What is the setting of the story "Flight" by John Steinbeck?

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Marietta Sadler eNotes educator | Certified Educator

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The story begins in Monterey County, California, "on the wild coast," and, more specifically, on the farm belonging to the Torres family. The farm is described as "a few sloping acres above a cliff that dropped to the brown reefs and to the hissing white waters of the ocean." There are mountains in the background, and the small farm buildings are small and squat, "crouched low to the ground as though the wind might blow them into the sea."

After Pep, the protagonist of the story, kills a man, he journeys into the mountains and is followed by one of the mysterious "dark watchers." As Pep journeys into the mountains, along the increasingly "jagged pass," the setting becomes more hostile, marked with "big blocks of broken granite" and "desolate with dead rocks," and also darker and darker, until it is "velvet dark."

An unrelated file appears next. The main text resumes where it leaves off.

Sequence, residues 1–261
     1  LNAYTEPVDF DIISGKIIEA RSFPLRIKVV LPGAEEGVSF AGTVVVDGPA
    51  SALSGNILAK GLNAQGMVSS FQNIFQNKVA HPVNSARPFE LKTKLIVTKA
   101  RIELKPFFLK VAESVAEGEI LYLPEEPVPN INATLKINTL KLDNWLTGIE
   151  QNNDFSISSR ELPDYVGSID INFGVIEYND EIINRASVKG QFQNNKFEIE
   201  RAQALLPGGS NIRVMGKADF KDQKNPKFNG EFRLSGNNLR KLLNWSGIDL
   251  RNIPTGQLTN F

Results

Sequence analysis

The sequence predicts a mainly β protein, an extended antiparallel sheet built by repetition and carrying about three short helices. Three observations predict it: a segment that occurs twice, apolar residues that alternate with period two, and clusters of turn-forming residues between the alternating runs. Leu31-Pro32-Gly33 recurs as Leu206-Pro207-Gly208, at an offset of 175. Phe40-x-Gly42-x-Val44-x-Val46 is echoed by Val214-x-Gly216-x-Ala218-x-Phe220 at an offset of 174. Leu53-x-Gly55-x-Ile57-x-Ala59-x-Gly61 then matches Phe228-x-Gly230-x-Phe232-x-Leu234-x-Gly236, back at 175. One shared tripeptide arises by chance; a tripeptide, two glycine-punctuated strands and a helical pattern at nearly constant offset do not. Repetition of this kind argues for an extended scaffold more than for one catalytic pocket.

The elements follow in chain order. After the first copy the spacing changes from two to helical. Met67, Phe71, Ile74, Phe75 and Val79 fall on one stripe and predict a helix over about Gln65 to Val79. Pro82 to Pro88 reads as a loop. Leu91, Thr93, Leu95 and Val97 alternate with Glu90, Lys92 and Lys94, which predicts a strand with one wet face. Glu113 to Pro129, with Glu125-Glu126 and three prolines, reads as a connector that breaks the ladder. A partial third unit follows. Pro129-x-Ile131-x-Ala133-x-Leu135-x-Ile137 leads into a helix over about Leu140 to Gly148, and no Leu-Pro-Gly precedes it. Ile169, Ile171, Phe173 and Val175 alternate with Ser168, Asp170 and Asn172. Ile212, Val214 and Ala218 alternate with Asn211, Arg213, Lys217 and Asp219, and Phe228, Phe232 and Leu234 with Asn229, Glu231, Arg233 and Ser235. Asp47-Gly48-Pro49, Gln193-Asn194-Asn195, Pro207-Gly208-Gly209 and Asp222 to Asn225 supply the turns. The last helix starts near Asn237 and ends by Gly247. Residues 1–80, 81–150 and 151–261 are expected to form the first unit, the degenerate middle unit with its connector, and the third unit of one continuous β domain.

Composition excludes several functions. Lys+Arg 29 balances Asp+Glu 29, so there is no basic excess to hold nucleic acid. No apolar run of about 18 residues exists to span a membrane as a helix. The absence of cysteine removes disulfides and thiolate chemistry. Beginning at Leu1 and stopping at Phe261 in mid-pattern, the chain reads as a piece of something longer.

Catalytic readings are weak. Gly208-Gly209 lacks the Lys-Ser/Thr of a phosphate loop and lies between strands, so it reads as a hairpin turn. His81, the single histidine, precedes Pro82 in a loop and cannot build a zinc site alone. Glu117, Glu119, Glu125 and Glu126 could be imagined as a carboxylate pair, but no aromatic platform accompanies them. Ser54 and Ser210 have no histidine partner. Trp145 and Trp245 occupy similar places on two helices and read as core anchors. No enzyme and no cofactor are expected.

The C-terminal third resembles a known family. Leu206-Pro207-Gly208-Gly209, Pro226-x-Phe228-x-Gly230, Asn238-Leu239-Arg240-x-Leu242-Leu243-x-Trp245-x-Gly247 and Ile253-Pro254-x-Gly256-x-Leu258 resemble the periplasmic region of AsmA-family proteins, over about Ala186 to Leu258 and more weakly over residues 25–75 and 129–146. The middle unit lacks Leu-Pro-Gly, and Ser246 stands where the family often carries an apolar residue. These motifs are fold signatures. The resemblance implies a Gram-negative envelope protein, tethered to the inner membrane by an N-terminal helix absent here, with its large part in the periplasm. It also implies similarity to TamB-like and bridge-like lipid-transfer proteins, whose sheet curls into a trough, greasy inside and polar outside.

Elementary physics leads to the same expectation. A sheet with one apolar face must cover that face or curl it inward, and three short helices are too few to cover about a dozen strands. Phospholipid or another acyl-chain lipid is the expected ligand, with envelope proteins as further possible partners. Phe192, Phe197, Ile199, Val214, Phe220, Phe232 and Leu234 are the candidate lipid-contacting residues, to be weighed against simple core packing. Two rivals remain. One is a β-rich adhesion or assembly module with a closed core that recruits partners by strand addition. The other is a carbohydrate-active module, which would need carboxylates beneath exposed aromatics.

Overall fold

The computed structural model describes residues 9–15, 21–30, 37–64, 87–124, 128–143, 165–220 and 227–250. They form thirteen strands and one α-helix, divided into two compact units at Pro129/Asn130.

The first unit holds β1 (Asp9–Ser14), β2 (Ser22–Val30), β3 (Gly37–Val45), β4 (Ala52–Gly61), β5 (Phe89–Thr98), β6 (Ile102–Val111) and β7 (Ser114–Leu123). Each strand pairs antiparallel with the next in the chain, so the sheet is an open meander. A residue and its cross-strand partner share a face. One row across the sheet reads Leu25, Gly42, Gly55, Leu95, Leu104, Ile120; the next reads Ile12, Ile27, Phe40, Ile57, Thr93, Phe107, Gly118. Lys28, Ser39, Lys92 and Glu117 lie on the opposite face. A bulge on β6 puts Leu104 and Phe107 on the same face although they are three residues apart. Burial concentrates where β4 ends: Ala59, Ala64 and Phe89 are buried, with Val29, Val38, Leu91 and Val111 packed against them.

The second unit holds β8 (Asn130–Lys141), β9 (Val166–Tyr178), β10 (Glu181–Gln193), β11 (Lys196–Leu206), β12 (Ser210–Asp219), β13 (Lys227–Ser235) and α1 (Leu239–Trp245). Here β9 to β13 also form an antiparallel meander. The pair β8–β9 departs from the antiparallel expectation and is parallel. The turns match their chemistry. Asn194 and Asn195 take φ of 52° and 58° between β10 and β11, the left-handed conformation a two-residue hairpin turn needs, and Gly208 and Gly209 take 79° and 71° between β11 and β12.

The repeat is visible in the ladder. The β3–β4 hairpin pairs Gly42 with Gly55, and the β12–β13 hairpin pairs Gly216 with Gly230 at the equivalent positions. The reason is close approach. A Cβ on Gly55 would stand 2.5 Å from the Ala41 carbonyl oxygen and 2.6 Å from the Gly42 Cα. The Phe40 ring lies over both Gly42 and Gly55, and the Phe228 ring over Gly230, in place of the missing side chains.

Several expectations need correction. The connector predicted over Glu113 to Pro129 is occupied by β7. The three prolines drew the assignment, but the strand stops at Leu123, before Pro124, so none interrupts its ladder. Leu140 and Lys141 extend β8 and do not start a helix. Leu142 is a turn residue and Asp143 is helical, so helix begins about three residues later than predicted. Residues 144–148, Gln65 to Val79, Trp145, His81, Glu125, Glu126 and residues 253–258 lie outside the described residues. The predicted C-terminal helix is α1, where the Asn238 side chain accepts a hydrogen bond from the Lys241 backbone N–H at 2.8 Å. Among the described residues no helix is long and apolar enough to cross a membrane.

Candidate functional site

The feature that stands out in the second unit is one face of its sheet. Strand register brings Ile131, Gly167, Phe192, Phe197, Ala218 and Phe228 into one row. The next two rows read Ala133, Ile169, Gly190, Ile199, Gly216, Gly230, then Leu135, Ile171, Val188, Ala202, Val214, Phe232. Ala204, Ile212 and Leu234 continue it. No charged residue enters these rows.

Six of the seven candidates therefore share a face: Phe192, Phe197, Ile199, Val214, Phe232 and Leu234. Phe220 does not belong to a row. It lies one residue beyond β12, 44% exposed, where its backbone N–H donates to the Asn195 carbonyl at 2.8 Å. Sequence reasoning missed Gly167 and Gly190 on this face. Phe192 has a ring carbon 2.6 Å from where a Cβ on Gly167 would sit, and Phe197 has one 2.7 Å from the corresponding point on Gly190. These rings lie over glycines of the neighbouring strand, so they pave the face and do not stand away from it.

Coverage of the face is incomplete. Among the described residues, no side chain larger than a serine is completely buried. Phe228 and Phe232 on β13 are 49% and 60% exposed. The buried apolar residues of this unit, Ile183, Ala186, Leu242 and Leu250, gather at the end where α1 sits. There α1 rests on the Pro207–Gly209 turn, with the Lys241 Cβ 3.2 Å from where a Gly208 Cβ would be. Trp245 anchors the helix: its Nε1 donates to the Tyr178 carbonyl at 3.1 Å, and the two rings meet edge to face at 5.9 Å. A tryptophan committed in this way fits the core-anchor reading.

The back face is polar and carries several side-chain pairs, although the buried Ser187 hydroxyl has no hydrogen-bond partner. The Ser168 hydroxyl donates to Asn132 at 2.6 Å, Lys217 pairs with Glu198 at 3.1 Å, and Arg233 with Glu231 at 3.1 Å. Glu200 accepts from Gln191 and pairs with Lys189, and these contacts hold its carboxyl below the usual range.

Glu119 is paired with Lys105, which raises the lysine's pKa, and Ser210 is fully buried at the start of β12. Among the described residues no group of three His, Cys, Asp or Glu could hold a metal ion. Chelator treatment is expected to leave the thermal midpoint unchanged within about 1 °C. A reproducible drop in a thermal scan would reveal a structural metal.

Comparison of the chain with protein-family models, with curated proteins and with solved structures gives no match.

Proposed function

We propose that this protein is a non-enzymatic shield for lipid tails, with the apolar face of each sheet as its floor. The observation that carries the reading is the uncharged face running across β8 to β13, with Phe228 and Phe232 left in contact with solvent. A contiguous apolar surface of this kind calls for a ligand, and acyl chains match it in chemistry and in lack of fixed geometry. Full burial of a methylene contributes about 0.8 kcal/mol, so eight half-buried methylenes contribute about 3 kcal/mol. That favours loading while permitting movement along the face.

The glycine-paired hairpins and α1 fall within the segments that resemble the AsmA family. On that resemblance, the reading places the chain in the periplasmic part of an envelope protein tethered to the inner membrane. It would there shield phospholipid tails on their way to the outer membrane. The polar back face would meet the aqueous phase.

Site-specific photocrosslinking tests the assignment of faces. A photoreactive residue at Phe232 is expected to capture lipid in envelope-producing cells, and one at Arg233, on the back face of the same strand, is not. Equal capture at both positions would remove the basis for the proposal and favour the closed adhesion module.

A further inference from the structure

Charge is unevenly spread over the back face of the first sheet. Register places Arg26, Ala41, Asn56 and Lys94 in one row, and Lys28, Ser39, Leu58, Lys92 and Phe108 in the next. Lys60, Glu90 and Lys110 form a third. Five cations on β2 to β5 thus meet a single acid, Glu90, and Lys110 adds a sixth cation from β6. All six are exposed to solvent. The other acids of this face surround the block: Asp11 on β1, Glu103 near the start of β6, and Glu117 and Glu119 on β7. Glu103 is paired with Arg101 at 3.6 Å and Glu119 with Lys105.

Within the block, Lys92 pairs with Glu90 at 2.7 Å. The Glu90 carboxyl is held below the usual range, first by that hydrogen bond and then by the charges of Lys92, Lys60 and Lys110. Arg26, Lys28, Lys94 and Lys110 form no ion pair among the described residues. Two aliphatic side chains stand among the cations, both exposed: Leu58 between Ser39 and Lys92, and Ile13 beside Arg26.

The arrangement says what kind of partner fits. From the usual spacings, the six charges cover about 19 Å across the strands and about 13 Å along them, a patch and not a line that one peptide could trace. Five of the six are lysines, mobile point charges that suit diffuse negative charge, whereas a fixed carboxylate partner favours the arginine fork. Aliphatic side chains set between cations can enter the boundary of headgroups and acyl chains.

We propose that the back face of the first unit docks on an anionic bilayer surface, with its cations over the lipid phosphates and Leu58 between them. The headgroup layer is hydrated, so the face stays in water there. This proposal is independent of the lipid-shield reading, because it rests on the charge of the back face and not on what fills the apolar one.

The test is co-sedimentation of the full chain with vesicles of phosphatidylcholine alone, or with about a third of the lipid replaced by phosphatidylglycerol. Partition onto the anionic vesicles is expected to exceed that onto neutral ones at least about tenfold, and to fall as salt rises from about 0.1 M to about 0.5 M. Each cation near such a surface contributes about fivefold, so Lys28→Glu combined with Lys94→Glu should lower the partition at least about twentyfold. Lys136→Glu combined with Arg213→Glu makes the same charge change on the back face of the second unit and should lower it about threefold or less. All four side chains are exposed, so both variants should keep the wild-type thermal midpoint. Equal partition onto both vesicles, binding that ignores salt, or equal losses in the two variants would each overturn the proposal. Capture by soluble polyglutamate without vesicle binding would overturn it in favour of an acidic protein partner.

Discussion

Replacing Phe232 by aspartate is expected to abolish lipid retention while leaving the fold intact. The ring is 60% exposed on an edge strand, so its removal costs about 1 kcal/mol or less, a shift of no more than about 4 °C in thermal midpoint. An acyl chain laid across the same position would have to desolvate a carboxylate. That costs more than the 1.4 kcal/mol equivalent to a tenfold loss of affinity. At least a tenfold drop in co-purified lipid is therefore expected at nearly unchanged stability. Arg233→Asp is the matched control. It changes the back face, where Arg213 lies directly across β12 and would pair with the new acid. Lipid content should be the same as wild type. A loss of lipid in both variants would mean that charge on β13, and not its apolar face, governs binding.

The change in the setting, from picturesque and idyllic (albeit with a hint of danger) at the beginning to increasingly desolate, dark, and dangerous as the story progresses, mirrors the plight of the protagonist and increases the suspense and tension of the story.

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John Steinbeck's short story, "Flight," takes place in one of the locales common in his stories--the West Coast of California. The time of the story is uncertain: It could range anywhere from the late 1800s to the mid-20th century, though it is probably in the 1930s (since Steinbeck first published the story in 1938). The Torres farm is an isolated one on cliffs not far from the central coast, located 15 miles south of Monterey. During his flight, Pepe heads to the east, a wild area of forests that becomes mountainous. Steinbeck based the story on his own youth growing up in California's Salinas Valley.

 

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